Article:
Power of Place
By Daryl Hunter (May 2006)
Spring Gulch Barn, Jackson Hole, Wyoming
Spring Gulch Barn
The power of place, well we sure have that! The question is what are we going to do with it? We inarguably live in one of the most beautiful places in the world, Yellowstone, the Grand Tetons, our rivers, mountains, wilderness areas and our plethora of wildlife has presented many paradoxical, insoluble dilemmas, and the answers are tough and consequential ones. Everyone that visits here wants to move here, those raised here would like to stay, everyone wants Jackson Hole to stay the same, but nothing ever does nor can.

The residents of Wilson are the latest batch of Teton County residents to complain about the condensation of their community. The developers of Wilson's affordable housing project hopes to obtain a zoning variance to increase density to make wiser economical use of land that is in such short supply in Teton County.

On one level I empathize with the plight of a neighborhood that might change, on another level I question where are the next generation of Wilson's blue-collar residents going to live? Teton County's wealthy are unconcerned about such things as they are not affected, but it confounds me that the working folks are just as willing to shut the door upon their own. It all seems like such a good idea to improve or preserve what you have however by blindly doing so we are embracing the law of unintended consequences.

97 percent of Teton County is federal land that is preserved for perpetuity, the remaining 3 percent is available for human habitation but much of that has been set aside for green space by the Nature Conservancy, the Jackson Hole Land Trust etc. High desirability and short supply has accelerated the law of supply and demand and is fueling a real estate inflationary spiral that has no end in site. Everyone's property value goes up and everyone is happy.

Children of multi-generation natives of Jackson Hole are moving elsewhere to find opportunity and where they can afford to buy a home. It puzzles me why community planners of pretty places such as Jackson exclude their native population in their comprehensive plans favoring wealthy immigrants instead. Isn't it fundamentally wrong that a real land shortage is exasperated by faulty zoning that compels third and fourth generation blue collar Jacksonites to move to Driggs, Idaho Falls, Riverton or Omaha, if they wish to buy a home or just get ahead in life? A community needs building densities that can mitigate land shortages that will accommodate affordable housing for Teton County kids when it comes time to kick them out of the nest, or welcome them back from college.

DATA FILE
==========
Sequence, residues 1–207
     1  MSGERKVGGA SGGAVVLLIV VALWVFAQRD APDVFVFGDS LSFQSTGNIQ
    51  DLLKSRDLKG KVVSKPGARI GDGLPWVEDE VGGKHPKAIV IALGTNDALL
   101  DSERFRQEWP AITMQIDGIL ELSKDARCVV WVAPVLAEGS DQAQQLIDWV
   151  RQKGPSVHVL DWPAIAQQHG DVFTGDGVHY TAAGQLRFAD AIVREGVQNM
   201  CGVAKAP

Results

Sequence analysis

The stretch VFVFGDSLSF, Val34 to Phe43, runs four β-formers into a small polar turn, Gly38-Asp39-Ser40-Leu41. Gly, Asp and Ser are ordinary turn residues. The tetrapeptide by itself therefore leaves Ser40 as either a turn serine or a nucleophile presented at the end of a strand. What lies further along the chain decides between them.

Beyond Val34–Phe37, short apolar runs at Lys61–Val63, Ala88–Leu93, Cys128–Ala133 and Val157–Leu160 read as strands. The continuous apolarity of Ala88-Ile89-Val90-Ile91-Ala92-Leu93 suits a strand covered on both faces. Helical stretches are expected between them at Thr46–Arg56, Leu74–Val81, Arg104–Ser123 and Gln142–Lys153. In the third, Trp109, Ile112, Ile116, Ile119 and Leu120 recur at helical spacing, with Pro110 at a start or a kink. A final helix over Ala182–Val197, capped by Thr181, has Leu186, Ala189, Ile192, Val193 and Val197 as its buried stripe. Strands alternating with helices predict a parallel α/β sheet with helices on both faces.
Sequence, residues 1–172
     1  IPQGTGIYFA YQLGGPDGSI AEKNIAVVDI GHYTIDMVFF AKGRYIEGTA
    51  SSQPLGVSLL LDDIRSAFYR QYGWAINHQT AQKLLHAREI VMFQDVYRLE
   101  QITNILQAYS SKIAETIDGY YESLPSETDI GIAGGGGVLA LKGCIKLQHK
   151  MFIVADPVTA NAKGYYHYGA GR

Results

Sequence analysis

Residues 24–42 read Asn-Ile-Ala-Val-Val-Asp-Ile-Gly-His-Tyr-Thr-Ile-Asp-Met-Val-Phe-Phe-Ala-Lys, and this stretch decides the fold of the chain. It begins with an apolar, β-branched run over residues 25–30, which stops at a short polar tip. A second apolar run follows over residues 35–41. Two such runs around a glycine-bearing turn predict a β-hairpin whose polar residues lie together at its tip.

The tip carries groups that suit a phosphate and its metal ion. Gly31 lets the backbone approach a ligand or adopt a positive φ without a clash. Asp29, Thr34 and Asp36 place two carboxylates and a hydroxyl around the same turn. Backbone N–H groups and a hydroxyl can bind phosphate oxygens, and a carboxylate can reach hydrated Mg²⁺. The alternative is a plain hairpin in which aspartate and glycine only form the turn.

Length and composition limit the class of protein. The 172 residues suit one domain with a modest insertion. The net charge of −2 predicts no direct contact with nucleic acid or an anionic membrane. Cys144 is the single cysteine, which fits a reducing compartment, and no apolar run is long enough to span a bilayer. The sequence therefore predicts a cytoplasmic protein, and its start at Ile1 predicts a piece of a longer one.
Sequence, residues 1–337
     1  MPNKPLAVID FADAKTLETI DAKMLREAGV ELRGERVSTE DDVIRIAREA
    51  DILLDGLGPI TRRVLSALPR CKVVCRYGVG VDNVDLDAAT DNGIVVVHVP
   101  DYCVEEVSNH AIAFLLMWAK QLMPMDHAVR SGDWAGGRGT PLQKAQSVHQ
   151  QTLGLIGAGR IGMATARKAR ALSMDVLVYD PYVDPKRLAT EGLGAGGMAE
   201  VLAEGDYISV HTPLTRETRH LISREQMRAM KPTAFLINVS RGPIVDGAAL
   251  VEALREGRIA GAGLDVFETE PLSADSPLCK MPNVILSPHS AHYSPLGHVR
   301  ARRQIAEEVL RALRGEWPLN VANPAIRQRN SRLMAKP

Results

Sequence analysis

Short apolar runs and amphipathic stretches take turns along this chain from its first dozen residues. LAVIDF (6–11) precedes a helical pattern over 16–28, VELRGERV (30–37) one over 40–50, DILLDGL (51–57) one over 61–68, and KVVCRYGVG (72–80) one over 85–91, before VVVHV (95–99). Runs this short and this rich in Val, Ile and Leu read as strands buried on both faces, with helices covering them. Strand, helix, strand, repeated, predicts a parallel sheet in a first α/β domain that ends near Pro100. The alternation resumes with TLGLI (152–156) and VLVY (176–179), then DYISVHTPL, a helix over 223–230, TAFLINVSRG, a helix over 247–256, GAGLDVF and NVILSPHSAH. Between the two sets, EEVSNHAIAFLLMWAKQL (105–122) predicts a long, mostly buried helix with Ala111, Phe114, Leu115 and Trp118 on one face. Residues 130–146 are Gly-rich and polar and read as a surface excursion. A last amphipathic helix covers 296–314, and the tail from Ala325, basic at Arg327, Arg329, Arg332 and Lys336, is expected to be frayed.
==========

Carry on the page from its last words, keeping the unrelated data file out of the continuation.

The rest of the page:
Spring Gulch Barn, black and white
Spring Gulch Barn

Many of Teton County's modest wage earners who wisely bought early share the "I've got mine - back off" attitude, they may want to contemplate as they participate at the ballot box and in public forums the long-term effect of density limits, building heights, and over preservation. The consequential effect of this complicity in the furtherance of artificial land shortages will create the dynamic that closes the door of local existence for their own children. Un-comprehensive planning devoid of the mechanics that perpetuate family and community is in fact, the antithesis of community. Teton County's current resident's lack of empathy or comprehensive foresight for the continuity of community roots is short sighted.

I have lived and worked around Jackson Hole for 30 years and I have seen many of Jackson's own born an bred have to leave to make room for the well heeled that financially displaced them. It's nice to see your property escalate in value but if you don't plan on selling someday you are just building yourself a bigger property tax bill that you may not be able to afford after you retire, many will have to sell out and move to Mud Lake where they will be able to afford the property tax bill.

Down zoning and embracing growth at the expense or our perception of value of place is counter intuitive as it is a part of our human nature to improve what we possess. It is also part of our nature to pave the path for the success for our progeny's future. This dichotomy of purpose presents a conundrum that is truly hard to balance on our values scale.

Snake River sunrise, Jackson Hole, Wyoming, Wilson
The Snake River and the Grand Tetons from the Wilson bike bridge
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